It’s had a fair few paint jobs since we 1. won the raffle 2. set the place on fire 3. killed the fire with a pint and drank the raffle’s bottle of whiskey on the quays, but Slattery’s, once quite the tourist trap, is still going strong.
She makes her Christmas pudding in plastic containers, not like her mother, god rest her soul, who’d wrap the thing in cloth and let it hang and rock from her Singer sewing table.
Is the recipe secret? ‘No, I’ve got it on a piece of paper,’ she says, with serious intent. The same recipe for the last 30 years, involving carrots and sultanas and many other things. Whiskey, of course. Just a drop.
It isn’t ‘ripe’ yet, still a little soggy at the top, but Mrs Lynch tells the husband to serve us slices. ‘We’re out of cream,’ she says, despairing. But it tastes heavenly regardless. ‘You don’t have to eat it,’ she adds, almost incredulous we should eat her sticky black concoction. But we want to. Oh, we want to.
She stands on the porch as the husband drives us to the bus stop, in the freezing cold and forgets to wave, her mind already caught on other things. Like the neighbours’ daughter, who she used to mind, who now has a little wan herself. She’s in and out the door and regards Mrs Lynch’s front room her own. Didn’t they buy the DVD player when the little wagon said they should so she could player her Disney DVDs in it? They did.
We thank her for her kindness and the tea, fish and chips and buttered slices of bread, the biscuits and the cider and washing up when we said to leave it. But it’s no bother, didn’t the husband do the cooking?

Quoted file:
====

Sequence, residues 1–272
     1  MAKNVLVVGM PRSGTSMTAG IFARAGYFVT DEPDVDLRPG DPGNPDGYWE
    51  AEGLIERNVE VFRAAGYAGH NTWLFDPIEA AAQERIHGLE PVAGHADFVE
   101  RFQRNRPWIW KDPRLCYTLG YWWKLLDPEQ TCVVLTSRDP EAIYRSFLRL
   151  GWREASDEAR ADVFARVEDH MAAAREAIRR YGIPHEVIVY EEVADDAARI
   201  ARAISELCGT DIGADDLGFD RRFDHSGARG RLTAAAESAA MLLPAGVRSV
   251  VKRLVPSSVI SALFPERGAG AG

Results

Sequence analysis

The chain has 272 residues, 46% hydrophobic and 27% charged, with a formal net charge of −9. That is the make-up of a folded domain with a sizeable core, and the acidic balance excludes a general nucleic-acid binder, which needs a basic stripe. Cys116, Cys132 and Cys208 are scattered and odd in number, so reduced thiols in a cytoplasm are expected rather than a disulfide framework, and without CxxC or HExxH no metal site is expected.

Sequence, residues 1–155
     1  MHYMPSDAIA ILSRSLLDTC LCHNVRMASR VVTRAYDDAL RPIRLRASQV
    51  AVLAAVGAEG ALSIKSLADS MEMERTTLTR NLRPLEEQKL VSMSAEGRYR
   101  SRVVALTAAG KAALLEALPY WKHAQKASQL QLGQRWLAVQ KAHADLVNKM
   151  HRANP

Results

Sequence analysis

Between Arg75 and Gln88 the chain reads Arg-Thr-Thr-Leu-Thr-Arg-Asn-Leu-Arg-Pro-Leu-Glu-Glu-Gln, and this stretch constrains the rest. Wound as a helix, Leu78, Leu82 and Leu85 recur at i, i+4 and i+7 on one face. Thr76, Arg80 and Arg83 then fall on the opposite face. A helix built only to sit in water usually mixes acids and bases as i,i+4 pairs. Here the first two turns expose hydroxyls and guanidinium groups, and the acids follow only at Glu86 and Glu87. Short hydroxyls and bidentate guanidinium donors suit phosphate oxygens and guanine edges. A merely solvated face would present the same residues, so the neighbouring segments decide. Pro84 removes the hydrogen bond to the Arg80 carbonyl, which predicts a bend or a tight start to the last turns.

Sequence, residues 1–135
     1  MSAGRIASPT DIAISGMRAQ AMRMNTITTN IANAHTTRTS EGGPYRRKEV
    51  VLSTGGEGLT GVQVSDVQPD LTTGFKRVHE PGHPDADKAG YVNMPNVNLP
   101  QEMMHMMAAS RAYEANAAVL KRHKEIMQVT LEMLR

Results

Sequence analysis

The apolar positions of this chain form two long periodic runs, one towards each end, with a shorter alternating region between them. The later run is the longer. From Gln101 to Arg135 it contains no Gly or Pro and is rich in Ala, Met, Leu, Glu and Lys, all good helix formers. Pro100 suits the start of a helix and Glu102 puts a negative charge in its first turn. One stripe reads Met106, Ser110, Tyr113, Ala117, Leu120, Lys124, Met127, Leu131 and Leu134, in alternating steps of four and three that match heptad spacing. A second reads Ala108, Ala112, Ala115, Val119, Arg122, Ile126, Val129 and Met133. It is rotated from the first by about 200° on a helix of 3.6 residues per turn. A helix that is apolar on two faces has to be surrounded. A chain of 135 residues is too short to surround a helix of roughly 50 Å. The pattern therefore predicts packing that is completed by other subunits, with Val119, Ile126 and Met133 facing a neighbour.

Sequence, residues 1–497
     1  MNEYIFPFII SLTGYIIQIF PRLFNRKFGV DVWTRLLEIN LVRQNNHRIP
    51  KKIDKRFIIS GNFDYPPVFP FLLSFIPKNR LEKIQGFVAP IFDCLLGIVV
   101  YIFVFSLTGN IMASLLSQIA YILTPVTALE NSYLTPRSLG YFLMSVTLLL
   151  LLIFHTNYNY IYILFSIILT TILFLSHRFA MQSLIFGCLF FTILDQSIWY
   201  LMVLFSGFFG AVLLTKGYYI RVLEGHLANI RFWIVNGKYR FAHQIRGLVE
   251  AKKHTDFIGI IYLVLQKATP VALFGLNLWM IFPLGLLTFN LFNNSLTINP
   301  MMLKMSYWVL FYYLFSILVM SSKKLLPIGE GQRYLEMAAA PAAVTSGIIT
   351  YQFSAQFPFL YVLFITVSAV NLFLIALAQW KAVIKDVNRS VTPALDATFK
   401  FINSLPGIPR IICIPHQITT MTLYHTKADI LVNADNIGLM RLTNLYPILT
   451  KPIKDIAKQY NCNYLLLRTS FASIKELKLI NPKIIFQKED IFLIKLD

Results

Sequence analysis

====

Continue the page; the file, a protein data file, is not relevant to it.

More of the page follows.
So he did.
Seamus is a big elderly American of Irish descent. He is in level 2. Of course he takes the car to drive around the corner to go shopping. On the third day he has a puncture. One of the locals helps him out. In the shop I hear him, his voice booming, ask the shopkeeper how to thank his benefactor. ‘So what would he like? Shall I buy him a bottle of whiskey?‘ The shopkeeper and his son don’t say much. ‘He doesn’t drink,’ their answer is barely audible. ‘Well how about a box of chocolates?‘ Shoulders are shrugged. ‘Well, should I give him money? How much would be appropriate?‘ Seamus is at a loss. He doesn’t understand that you don’t talk about such things. His best bet would have been to pay the man a visit, and quietly leave a small present on the table.
Seamus takes Birgitta and myself for a drive around the area. We go up Bun Glas, a pass over the mountains. It is a scary drive, the fog is out and thick as peasoup. On the summit you’re supposed to have a beautiful view of the cliffs of Slieve League. But today we can hardly see the back of our hands. Seamus takes pictures of everything he sees. Even the fog doesn’t escape from his viewer. ‘I brought plenty of film, so I can show the folks at home.‘ His wife did not want to come along. Later in the Rusty Mackerel in Teelin – a famous pub the heart of the Gaeltacht – he starts telling us about how he used to beat his children. He didn’t know any better, he says, his father used to beat him too, and the nuns were no better. He confesses some more. Both Birgitta and I feel a little embarrassed. We feel we’ve just arrived in an Oprah Winfrey show. We’re not used to this American frankness. On the way back he asks us what language we speak in our countries. Dutch and Swedish, of course. ‘And do you speak it well, with your parents?’ He thinks the entire world speaks English. A few days later we take him along to see a formation of three pre-Celtic passage graves. When the sun sets, the light shines through the openings of the three graves. ‘Is that a fort?‘ he asks. ‘It’s a grave. Two thousand b.c., Seamus!‘ ‘Oh really?‘ he says and takes a picture. Then he’s off. Pre celtic times don’t mean much to someone whose own constitution’s just a quarter of a century old.